If you’re anywhere in the Southeastern U.S., then you’re probably all too familiar with this rambunctious plant. But maybe what you didn’t know is that kudzu has many medicinal properties. Since it can grow as much as a foot a day and 100 feet a season, there is no end to this Japanese native plant. If you’re into harvesting plants for medicinal purposes, then harvest away!
Found: Native to Japan; plentiful in Southeastern U.S. wasteground areas.
Identifying: Trailing or climbing vine with three-parted leaves. The leaflets are entirely or palmately lobed. Reddish purple flowers which are grape scented and bloom July through Sepetember.
Parts Used: Root, seeds, stems, flowers, root starch.
Medicinal Uses: Traditional Chinese Medicine (TCM) has been using kudzu tea since about 100 A.D. for headaches and stiff necks, high blood pressure pain relief, diarrhea, dysentery, deafness, gastroenteritis, acute intestinal obstruction, and to induce sweating and promote measles eruptions. TCM also uses kudzu flowers, roots, and seeds for the main treatment of alcoholism. Stem poultices are used for relief of sores, swelling, mastitis. The tea can be gargled for sore throats. Root starch is often used in foods, and is common in Japanese food. Genistein, found in kudzu, possibly aids in preventing cancerous tumor development. Kudzu extract encourages regeneration of liver tissue and protects against liver toxins.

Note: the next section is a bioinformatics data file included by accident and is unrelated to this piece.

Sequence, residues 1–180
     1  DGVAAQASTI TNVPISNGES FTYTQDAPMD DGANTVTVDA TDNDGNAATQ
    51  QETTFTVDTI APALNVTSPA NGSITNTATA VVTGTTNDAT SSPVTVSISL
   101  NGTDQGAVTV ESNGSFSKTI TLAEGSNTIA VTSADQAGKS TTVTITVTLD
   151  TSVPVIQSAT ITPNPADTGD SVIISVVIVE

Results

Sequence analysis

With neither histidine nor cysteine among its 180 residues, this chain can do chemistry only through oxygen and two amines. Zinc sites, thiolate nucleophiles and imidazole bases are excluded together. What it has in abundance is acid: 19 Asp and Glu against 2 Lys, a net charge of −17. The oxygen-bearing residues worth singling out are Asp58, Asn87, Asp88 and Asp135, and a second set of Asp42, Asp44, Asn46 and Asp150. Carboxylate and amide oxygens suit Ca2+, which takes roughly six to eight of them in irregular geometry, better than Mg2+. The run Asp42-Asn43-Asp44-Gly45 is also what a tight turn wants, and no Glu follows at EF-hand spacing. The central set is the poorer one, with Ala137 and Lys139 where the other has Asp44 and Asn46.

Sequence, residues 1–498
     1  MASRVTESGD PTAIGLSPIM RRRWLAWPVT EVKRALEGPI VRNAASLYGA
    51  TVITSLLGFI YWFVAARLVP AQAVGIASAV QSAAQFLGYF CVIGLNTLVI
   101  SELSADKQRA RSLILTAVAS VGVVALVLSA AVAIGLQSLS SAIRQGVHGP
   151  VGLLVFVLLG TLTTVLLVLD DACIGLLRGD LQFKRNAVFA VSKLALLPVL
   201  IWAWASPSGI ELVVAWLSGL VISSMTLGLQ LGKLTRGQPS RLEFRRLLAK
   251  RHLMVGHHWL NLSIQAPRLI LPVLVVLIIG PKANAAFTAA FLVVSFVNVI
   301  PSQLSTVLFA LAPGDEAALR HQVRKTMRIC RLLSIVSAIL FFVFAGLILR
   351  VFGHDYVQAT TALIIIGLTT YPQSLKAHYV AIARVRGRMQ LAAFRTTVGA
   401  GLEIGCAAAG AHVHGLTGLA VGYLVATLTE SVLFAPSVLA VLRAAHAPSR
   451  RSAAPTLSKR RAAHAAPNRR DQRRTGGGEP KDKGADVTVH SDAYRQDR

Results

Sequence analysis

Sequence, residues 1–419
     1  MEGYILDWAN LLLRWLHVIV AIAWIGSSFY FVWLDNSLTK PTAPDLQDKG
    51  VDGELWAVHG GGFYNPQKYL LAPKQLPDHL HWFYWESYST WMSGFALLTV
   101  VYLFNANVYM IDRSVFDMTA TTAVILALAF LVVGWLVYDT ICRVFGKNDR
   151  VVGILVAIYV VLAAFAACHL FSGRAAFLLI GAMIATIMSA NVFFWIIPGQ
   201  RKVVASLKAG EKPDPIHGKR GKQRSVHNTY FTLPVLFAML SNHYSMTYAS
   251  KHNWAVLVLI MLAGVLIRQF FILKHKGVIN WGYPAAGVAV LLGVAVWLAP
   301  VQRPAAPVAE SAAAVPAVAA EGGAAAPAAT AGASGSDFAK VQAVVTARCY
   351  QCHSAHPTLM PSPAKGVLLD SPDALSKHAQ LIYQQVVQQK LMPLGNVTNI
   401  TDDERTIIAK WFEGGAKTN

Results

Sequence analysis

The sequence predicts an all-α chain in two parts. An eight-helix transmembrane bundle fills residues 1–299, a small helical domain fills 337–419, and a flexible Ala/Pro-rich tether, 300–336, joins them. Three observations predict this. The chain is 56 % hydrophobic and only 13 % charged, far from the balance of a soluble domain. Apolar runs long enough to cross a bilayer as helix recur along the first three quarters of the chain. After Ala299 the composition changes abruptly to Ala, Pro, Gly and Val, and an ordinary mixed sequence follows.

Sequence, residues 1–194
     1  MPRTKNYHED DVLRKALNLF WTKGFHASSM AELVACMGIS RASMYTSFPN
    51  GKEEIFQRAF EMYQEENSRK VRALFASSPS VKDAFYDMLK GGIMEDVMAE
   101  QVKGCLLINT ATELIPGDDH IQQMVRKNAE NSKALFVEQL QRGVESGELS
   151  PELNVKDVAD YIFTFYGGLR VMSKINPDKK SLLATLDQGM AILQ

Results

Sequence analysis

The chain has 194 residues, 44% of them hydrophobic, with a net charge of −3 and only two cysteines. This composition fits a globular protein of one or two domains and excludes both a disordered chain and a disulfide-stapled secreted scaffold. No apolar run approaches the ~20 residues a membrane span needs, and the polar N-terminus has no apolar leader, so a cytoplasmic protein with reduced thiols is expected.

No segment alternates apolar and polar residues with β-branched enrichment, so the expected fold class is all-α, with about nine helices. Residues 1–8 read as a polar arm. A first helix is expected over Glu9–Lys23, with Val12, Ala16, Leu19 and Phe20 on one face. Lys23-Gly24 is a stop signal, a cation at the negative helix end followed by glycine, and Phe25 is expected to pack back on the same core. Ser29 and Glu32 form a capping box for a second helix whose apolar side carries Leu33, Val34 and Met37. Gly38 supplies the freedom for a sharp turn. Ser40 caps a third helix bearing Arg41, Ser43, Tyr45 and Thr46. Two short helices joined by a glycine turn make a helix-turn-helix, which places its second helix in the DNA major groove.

What Makes it Work: In the case of aiding alcoholism, kudzu contains daidzein and daidzin, which have shown to reduce the desire for alcohol.
Allergic Reactions and/or Warnings: An extremely safe herb with no known side effects. Tests have been done taking as much as 3 ounces (100 grams) and no adverse effects were noted.
Note: Always consult a health professional before using any herb or medicinal plant. These posts are not meant to be a medical guide but an overview.